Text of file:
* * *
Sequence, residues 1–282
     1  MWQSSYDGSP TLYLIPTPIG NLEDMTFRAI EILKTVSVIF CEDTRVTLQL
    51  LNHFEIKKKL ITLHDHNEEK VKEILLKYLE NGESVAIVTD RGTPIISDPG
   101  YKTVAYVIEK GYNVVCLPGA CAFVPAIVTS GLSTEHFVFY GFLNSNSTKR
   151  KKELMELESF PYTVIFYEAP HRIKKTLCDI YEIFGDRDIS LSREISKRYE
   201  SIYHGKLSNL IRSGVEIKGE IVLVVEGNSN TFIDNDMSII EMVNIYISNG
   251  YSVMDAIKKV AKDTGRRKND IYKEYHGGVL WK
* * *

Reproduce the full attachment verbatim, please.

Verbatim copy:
Sequence, residues 1–282
     1  MWQSSYDGSP TLYLIPTPIG NLEDMTFRAI EILKTVSVIF CEDTRVTLQL
    51  LNHFEIKKKL ITLHDHNEEK VKEILLKYLE NGESVAIVTD RGTPIISDPG
   101  YKTVAYVIEK GYNVVCLPGA CAFVPAIVTS GLSTEHFVFY GFLNSNSTKR
   151  KKELMELESF PYTVIFYEAP HRIKKTLCDI YEIFGDRDIS LSREISKRYE
   201  SIYHGKLSNL IRSGVEIKGE IVLVVEGNSN TFIDNDMSII EMVNIYISNG
   251  YSVMDAIKKV AKDTGRRKND IYKEYHGGVL WK